Klodzko, Western Poland, May 27 (RFE/RL) -- Gold is about to glitter again in a once-disputed teritory in a valley of the Sudeten Mountains near the Czech-Polish border.
Polish authorities are preparing to resume gold mining at and around Zloty Stok - the Golden Slope - a village in the Klodzko Valley in Poland's southwest. Geologists already have located 30 gold sources in the valley, estimated to contain several dozen tons of gold. Poland would become the fourth country in Europe to mine gold. France, Sweden and Finland are the others.
The Polish State Geological Institute estimates that from the 13th Century through the end of World War Two, up to 18 tons of gold came from the Sudeten region.
Institute Chief Stanislaw Specik says that 30 years ago, mines that failed to yield at least 40 grams of gold per ton of ore were closed as uneconomical. Now, he said, it is feasible to mine for gold if the yield is 1.5 grams per ton. Exploiting the Sudeten gold will be inexpensive because the deposits are close to the surface, he said.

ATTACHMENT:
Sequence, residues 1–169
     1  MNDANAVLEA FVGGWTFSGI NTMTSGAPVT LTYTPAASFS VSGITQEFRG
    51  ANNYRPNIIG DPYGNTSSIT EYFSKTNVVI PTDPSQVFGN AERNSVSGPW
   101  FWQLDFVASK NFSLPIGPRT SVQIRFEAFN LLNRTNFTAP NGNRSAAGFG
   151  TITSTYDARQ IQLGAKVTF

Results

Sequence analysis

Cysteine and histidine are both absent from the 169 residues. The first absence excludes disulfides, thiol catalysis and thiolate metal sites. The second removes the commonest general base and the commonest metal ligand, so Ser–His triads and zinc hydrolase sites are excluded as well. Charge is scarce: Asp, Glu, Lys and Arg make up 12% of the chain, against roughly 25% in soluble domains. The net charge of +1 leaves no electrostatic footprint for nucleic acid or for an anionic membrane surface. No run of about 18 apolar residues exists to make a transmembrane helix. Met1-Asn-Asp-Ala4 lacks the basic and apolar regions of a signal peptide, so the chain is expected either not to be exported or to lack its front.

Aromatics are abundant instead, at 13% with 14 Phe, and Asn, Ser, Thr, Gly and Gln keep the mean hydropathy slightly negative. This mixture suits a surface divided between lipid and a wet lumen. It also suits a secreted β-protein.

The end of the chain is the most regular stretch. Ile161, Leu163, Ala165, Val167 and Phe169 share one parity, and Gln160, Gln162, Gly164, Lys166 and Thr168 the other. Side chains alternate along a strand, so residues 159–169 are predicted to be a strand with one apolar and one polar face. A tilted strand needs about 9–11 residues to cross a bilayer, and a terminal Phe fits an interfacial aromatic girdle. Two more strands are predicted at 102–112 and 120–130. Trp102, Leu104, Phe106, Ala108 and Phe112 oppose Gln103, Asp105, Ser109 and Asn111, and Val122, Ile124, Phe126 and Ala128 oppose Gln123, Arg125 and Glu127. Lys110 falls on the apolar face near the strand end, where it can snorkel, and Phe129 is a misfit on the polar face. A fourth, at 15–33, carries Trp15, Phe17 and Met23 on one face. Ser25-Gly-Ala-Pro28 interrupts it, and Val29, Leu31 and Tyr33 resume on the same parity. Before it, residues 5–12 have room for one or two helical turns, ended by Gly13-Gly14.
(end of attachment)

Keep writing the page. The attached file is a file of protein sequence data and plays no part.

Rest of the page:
Specik said that in South Africa, gold is mined from below depths of 2,000 meters. The deepest known Zloty Stok deposit is 174 meters deep, he said.
The government has granted prospecting licenses to two companies. One is the Polish copper company, Polska Miedz, the other a small Australian firm, Silesia Gold Mine. Authorities expect an annual yield of about three tons from four or five mines.
The first mine to be opened will be an old German mine, last operated in 1958. The mayor of Zloty Stok hopes to open a museum there, then commence mining.
A major beneficiary of the golden slope will be local jurisdictions, through fees and taxes. Zloty Stok Mayor Wiktor Lubieniecki put it this way: "It is not at all peanuts."